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DAWN Tuesday Review, Nov 7-13, 1995

Sold for a Song

There can be three ways of looking at the enormous mass of music produced by the Pakistani and Indian filmmakers. Firstly, we may categorize them according to the feelings they seek to evoke. Alternatively, we can choose to look at them accordingly to their film settings, for example party songs, love songs, street songs, drawing-room songs and so on and so forth. 

Last, but the best way of classifying could be according to the dramatic purpose they serve in the plot. For instance, two distinct categories would be the songs which introduce a character and the songs which bring about the relief after a tense scene. In this article I will try to establish all three ways of classification because I think that these classifications do not just allow us to appreciate the film music in its proper plot context, but they also help us to look at the social and cultural context of the cinema.

As far as the evocation of feelings is concerned, we may notice that the Indo-Pakistani musician has always been more ambitious in this regard, having been brought up on stories of musicians setting up fires or bringing rains with the power of their music. Consequently, the Indo-Pakistani classical music traditionally covers a vast range of emotional contexts including love, spiritual devotion, fear, anxiety, anger and a lot more. The most definite contribution of the film in this regard has been to provide opportunities for the music director to use music for representing specifically complex emotional contexts. One fine example comes from Naag Muni (1972) where the singer (a female character) fears for the life of her lover, who is severely wounded and under the threat of another attack while the singer is stopped from seeing him by the same people who have wounded her lover. This complex emotional hypothesis is dexterously realized in the song Sajna ray. It is hard to imagine that a song like that could have been produced if the institution of cinema wasn’t there.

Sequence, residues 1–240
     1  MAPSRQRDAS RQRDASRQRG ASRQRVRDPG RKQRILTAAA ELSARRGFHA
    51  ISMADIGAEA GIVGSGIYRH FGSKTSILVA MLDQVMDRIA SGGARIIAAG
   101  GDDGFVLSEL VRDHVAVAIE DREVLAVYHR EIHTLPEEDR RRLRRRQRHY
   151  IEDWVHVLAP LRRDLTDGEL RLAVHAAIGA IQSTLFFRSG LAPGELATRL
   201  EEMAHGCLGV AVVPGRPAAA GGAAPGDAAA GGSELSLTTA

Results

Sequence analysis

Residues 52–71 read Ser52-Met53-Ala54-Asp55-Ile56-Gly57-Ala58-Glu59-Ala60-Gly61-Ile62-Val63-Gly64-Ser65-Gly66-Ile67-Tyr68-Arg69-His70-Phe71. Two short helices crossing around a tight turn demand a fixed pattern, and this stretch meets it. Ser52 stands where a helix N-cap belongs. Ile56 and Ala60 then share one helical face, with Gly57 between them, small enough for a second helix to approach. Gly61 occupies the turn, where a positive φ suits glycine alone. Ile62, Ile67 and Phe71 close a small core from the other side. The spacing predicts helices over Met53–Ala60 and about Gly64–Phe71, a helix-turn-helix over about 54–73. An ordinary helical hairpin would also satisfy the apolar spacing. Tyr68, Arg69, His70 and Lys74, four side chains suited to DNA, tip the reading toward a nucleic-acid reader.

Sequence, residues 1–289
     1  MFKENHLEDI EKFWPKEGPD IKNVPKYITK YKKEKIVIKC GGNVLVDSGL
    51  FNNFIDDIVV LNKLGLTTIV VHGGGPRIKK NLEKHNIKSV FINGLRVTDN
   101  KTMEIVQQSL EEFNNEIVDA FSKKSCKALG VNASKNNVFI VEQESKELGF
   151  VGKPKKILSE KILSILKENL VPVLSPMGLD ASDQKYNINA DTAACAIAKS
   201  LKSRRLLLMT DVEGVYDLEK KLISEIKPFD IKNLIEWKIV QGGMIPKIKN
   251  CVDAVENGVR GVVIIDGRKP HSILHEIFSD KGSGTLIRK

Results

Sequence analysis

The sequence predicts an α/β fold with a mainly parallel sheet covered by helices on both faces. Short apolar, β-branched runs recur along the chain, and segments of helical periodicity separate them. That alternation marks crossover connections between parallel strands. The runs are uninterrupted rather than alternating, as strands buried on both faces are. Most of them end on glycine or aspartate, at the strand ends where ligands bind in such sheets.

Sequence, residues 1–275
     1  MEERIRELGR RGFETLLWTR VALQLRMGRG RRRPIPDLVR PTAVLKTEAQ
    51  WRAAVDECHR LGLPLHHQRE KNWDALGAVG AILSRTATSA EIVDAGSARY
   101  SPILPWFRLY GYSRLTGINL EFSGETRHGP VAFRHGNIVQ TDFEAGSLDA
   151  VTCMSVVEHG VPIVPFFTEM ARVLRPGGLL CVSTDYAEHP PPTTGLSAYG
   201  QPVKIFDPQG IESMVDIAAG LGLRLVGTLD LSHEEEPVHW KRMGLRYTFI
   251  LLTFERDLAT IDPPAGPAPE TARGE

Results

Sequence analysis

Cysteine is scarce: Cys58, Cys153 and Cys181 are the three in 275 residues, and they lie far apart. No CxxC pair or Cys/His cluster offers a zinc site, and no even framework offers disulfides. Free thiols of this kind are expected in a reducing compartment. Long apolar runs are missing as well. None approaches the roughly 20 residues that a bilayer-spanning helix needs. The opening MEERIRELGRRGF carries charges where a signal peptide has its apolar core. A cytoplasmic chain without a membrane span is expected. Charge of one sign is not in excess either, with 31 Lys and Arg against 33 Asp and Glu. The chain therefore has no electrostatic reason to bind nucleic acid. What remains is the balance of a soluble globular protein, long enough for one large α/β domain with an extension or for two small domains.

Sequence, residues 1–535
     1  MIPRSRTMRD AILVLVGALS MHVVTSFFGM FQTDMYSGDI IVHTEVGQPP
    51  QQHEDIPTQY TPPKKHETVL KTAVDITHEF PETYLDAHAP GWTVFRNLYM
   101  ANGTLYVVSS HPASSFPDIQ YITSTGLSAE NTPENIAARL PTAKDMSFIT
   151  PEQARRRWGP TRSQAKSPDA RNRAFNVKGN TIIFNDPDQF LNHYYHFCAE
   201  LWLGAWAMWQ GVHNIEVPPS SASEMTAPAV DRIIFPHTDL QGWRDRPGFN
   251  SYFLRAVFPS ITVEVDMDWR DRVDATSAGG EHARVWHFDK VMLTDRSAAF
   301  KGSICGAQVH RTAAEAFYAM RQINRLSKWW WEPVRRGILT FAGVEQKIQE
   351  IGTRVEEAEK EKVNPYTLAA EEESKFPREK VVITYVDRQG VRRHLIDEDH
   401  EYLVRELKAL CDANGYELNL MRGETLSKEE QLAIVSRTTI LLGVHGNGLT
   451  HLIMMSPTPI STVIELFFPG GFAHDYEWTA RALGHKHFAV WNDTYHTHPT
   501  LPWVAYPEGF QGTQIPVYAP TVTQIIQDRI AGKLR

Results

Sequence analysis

We may classify our film songs into romantic, happy, sad, patriotic, spiritual/devotional, rustic and so on. The list also shows how our films are different from the American musical films: till late the American musical was restricted only to light themes. Representing complex, catastrophic emotional contexts in a musical is an option that Hollywood has only discovered with such films as Cabaret (1971) and even then the possibilities have not been substantially explored. Let us now turn to some familiar “song settings” of Indo-Pakistani cinema. It is remarkable how these have remained unchanged through the decades. The romantic couple (or one of them) dancing in the fields, the village folk dancing, the night club disco scene, the drawing-room scene/birthday party, children’s birthday party, the wedding, the vendor on the street (e.g., Mera joota hai Japani) and last but not the least, the nauch girl. List all the songs you remember, and you will find that each of them, save a few, fall into one of these catergories. And if you can remember some from the ‘30s and ‘40s you may find that most of these lists come right up to our times uninterrupted. Yes, the sets might have changed with the times, but not the settings.

This gives room for theorizing that the Indo-Pakistani audiences have always looked forward to “being taken out” to some typical settings (most noticeably the nauch girl’s). Hence the purpose of an Indo-Pakistani filmmaker is not only presenting drama, it is, in addition, giving the audience experience of situations they would like to be in but are not likely to be. In a way that is true of all art forms and most so of the film, as the film has been compared with fantasy since its very inception. The experience of the audience has been given such names by the critics, such as “alternate reality”, “doing it by proxy” and so on. Where the Indo-Pakistani cinema is different from most others is the point that the audience expect at least a substantial part of this “alternate reality experience” to come through music. And they expect a lot of this in each film.